It's time to start color mixing with the Kinders! Painting with Kindergarten is scary, but with teaching responsible behaviors, it can be one the the best classes ever. Kindergarten students always ask in the beginning, "When are we gonna paint?????" After careful planning and explanation of care, it's finally time!
I like to introduce the project and activity by reading the book "Mouse Paint" by Ellen Stoll Walsh. In the book 3 white mice find the primary colors in paint jars and dance around, discovering different colors mixed on their feet.
After reading the book, I go over how yellow, red, and blue can make the secondary colors. Before I get ahead of myself, here's the list to set up:
-Mouse Paint by Ellen Stoll Walsh
-This amazing activity sheet that I found within Pinterest, and a huge thanks to whoever designed it!
-Yellow, Red and Blue Tempura Paint
-Water containers and water
-Pre-cut paper towels
Here's how I set up the plates in advance. I do not have much room to store in advance, so I started setting this up in the previous class. I also drew circles and added the first letter of the color word on the plates to help the Kinders with their color identification.
Students will not only learn how to be responsible with painting materials, but also explore how to mix colors to create other colors.
This project took approximately 2 40-minute class periods to complete.
Day 1: Start off by reading Mouse Paint to the students. Once finished, go over the colors that were mixed by the mice in the story. Show the students the activity sheet to help in mixing colors. Demonstrate how to properly take a small amount of paint to mix the secondary colors between the primaries (if you don't, students will mix the entire plate). Have students complete the activity sheet. Once activity sheet is complete, collect sheet and place a white paper in front of the students. Inform students to create their own painting with the colors they mixed.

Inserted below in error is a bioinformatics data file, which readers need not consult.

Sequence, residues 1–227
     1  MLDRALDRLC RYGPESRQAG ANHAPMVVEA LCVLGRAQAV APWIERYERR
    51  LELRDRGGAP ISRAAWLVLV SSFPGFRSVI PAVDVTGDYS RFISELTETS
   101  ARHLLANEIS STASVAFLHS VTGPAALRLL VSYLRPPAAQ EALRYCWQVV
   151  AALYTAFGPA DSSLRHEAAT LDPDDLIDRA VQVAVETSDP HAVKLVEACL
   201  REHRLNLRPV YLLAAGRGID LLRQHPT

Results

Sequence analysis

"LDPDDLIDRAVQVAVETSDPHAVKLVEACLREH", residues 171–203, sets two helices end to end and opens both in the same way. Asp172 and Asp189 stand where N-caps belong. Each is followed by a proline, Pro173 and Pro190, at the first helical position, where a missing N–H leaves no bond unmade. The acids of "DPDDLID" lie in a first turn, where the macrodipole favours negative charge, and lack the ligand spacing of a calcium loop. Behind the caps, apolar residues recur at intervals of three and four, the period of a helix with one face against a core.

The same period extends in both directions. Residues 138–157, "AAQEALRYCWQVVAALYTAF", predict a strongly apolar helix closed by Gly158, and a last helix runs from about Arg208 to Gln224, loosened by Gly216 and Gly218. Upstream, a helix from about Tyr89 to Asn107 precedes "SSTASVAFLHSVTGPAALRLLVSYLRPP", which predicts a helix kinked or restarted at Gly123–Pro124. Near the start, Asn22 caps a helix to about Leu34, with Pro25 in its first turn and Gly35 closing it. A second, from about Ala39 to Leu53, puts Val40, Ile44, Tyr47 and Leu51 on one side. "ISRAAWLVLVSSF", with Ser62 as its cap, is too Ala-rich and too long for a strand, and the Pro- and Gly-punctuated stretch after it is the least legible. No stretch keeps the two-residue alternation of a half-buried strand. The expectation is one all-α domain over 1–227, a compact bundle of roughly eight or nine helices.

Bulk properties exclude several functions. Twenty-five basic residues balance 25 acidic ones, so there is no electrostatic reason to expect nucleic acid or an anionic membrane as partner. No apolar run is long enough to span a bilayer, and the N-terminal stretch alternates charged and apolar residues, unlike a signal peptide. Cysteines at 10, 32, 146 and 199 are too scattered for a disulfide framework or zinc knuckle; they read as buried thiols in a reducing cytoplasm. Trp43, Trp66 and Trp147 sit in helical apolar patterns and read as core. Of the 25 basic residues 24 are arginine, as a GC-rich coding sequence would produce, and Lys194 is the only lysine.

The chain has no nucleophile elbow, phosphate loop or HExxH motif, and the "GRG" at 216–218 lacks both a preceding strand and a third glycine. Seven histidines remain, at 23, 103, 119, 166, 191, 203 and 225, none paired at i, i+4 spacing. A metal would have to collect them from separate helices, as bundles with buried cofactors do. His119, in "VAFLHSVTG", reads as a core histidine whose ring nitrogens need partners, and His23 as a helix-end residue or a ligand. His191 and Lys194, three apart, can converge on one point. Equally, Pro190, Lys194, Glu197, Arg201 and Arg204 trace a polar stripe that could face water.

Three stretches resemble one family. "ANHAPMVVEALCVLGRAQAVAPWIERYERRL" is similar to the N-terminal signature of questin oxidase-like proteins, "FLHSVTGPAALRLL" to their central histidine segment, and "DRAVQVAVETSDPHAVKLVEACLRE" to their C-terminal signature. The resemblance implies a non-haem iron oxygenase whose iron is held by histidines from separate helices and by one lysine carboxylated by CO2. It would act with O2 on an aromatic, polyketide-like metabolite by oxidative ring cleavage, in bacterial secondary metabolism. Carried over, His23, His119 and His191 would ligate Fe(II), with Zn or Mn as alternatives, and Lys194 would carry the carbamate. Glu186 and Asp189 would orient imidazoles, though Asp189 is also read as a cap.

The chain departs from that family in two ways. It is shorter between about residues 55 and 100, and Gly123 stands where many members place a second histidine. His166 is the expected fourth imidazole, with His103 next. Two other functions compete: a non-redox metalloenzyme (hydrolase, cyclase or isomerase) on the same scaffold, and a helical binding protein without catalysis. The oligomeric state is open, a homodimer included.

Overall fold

Day 2: Since the paintings are now dry, today they'll start making their mice! I created a template of 3 ovals (ran through the copy machine for the amount of students) and had students cut out the ovals. Using pink construction paper scraps, students drew and cut out the ears, and cut a thin strip for the tails. Using a black marker, they drew in the eyes. As easy as this step seemed, you will having students finishing in 10 minutes and others finishing last minute. Have students glue their mice wherever they want on their painting, as if the mice are making the painting!
The one step I would still like to add on is a paintbrush. Since this was my first time with the lesson, I wanted to see the length of time it took to create the mice alone. If I were to add on paintbrushes for each mouse, I plan on having the brown strips pre-cut to save on time with construction.
Here's some finished example by the Kindergarten students!
(This student remembered that at the end of the book, the mice left a spot white because of the cat!)